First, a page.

Saturday, May 31, 2008

What do you live for?

I read an article over a month ago that still has me thinking. It was by Ken Potts in the Daily Herald. In it he is addressing teen suicide, but he refers to an important psychologist named Rollo May who says that too often we talk about the reasons why someone would take their own life and instead we should be talking about why the rest of us don't.
May contended that our society is doing an increasingly poor job in imparting to our young people any sense of positive meaning to life. We more often stress quick and easy answers, short-term reward, conspicuous consumption, getting ahead at the expense of others, ends justifying means.

Whether these values get played out in our families, our jobs, television, politics or organized religion; whether they lead to drug abuse, white collar crime, or "whoever dies with the most toys wins," the message eventually gets across to our youth: this is what life is all about.

"If, indeed, these do reflect our reason for living, is it any wonder that some of us choose not to?"... We as a society, and as parents, must begin to teach our children the values that we truly believe give meaning to life. Of course, we must have discovered these for ourselves if we are to pass them on to others.

May certainly offered no simple solution to the tragedy of adolescent suicide. In fact, he predicted they will continue. Yet he did suggest that there is hope if we can begin to more clearly express to our youth that there are indeed reasons to live.

Young people are in such a bubble during their high school and college years. They don't really have a meaningful place in our society anymore. Years ago, a young person would be expected to help the family by earning income, helping around the farm or running the family store or business, but now young people work to earn their own spending money usually at a large corporate conglomerate (Old Navy-Gap-BR, etc...) There is less of an opportunity for them to feel as though they are a meaningful part of their community or family. That is one of the goals I have for our community service experience. I want to help students realize that there is necessary and meaningful work to be done, and they can do it. What do you think? Is there a meaningful gap in young people's lives? Does community service help to fill this gap in meaning in young people's lives? And if it is not related to community service, what do you live for? Where is the meaning in your life?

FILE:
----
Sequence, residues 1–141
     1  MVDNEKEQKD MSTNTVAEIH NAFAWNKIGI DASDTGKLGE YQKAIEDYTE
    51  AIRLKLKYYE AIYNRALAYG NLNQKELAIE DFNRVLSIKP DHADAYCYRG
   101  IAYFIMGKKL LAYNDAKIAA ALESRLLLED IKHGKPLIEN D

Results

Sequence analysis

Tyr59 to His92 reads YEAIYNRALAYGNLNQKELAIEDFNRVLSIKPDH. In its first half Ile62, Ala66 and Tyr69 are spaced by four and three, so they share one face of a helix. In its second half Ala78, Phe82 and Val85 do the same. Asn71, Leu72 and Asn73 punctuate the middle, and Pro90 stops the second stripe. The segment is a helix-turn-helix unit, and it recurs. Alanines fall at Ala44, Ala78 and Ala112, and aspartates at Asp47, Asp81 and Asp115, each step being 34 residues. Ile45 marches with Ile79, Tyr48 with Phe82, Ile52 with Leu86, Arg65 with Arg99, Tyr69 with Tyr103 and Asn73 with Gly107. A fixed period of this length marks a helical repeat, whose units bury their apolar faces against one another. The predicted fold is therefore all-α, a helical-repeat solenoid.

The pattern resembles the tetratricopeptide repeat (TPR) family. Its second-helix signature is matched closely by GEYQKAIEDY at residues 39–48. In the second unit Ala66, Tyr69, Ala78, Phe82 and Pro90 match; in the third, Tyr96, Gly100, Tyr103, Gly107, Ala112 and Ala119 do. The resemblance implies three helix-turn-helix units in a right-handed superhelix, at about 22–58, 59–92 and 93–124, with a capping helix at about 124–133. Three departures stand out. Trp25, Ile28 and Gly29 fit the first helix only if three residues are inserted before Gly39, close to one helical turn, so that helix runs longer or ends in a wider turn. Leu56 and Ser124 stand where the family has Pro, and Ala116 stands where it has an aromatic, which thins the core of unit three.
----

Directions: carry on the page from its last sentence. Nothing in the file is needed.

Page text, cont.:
1. I live for love. I think that we are all manifestations of a loving creator. The universe and nature is always growing, nurturing, creating. If we are in tune with that very core being of our existence we can begin to foster it, feed it and nurture it ourselves. I start by loving myself. That means taking care of my physical, mental, spiritual health. Then I can provide love, caring and nurturing to my family and friends: my wife, my kids, my extended family. Then I try to extend that caring and nurturing to my community: my work (students, faculty and staff) and my neighbors. Then, I focus on the lives of my larger community: people I interact with, volunteering, a random person on the street. Like the poet W.H. Auden, "We must love one another or die." We are all a part of humanity together. We are all connected the way the drops of water in the ocean are connected. That is why I live.

  2. Why should I live? Why should anyone? Why should I have a purpose?

    I tried to end it, and yet I'm still around. What made me turn back? I still don't really know. But I'm here and I know that deep down, I never really wanted to stop living.

  3. this reminded me of that racial article you had us read...

  4. I also, live for love.

    Thank you for the class, Sal, it was a blast.